Determination of Microbial Water Quality of Treated Water and Raw Water Sources in the Harare Area, Zimbabwe
In order to provide drinkable water for home usage, microbial water quality is critical. Most Zimbabwean municipalities obligated to provide enough volumes of safe water for home use have found it impossible to do so. Harare City and the neighbouring areas receive potable water from the Morton-Jaffray Treatment Plant. This study looked into microbiological water quality and the effects of microbial water quality-related disasters in the Morton Jaffray Treatment Plant’s service region. Questionnaires were provided to Harare residents who get their water from the municipality as well as those who get their water from other sources. Candidates were chosen at random from a pool of applicants. assessed. Hydrogen sulphide test and heterotrophic bacteria plate count were used to evaluate the microbiological quality of treated water in homes. The presence of faecal materials in raw water sources was discovered. Faecal contamination was found to be absent in household water sources, but heterotrophic bacteria were found to be present. For all samples, CFU concentrations ranged from 1 to 452 CFU/ml. Water used for home reasons should not contain more than 100 CFU/ml, according to WHO recommendations for domestic water sources. The public’s view of water quality ranged from “unsafe” to “very dangerous.” tainted’. Residents turned to alternative sources of household water, such as wells and rivers, as the level of aesthetic appeal declined. The treated water in its current state was appropriate for residential consumption. The hydrogen sulphide test and the R2A agar test are recommended for pathogen surveillance in residential water.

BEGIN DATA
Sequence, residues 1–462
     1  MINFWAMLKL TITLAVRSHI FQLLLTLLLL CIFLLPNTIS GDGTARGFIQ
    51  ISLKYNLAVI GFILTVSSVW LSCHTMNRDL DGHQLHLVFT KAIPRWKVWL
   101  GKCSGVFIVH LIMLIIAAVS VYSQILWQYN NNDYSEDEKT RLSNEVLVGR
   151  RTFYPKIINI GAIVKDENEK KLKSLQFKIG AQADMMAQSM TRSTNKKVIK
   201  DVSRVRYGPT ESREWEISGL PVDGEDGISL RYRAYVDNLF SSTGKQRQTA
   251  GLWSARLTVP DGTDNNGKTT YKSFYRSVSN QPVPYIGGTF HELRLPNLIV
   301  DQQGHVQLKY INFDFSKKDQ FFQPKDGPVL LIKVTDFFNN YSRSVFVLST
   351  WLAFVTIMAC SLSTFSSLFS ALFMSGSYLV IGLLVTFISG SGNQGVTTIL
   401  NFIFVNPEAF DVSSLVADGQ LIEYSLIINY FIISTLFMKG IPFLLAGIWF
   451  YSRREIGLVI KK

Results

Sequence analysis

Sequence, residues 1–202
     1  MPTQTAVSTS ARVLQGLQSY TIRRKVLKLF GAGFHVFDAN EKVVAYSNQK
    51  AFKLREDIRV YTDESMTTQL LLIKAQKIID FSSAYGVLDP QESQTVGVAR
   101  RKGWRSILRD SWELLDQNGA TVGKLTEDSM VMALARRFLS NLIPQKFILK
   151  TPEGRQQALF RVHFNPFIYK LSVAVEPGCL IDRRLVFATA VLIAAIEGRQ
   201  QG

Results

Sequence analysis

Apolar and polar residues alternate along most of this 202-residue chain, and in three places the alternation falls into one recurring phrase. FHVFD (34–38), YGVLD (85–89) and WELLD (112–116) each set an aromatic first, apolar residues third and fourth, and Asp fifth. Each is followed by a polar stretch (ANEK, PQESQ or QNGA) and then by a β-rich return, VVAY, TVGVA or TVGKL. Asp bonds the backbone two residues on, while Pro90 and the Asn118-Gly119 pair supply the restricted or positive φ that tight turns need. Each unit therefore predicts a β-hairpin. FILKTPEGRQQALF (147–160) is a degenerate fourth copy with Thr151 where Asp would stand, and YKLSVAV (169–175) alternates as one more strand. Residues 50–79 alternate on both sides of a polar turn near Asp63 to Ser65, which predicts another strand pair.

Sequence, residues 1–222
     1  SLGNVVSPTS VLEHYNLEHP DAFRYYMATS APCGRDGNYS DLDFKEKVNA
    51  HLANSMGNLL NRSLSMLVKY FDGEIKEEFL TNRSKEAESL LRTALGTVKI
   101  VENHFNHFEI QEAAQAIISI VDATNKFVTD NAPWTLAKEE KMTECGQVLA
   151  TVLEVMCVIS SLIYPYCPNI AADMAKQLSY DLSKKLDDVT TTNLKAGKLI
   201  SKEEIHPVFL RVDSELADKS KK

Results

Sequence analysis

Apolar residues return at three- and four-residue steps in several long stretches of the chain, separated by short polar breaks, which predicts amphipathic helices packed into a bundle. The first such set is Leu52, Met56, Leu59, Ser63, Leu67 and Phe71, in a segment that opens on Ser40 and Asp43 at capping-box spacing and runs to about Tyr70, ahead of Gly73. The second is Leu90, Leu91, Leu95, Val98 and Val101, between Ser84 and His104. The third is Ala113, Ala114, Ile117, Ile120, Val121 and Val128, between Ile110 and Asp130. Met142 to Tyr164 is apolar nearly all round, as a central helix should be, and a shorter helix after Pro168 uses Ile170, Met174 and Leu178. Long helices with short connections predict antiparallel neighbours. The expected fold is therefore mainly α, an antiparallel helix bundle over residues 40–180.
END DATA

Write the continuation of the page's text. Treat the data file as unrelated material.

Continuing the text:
Tatenda G. Chirenda
Environmental and Biotechnology Research Unit, Division of Pharmaceutical Chemistry, Faculty of Pharmacy, Rhodes University, PO Box 94, Grahamstown 6140, South Africa.
Sunitha C. Srinivas
Division of Pharmacy Practice, Faculty of Pharmacy, Rhodes University, PO Box 94, Grahamstown 6140, South Africa.
Division of Pharmaceutical Chemistry, Faculty of Pharmacy, Rhodes University, PO Box 94, Grahamstown 6140, South Africa.
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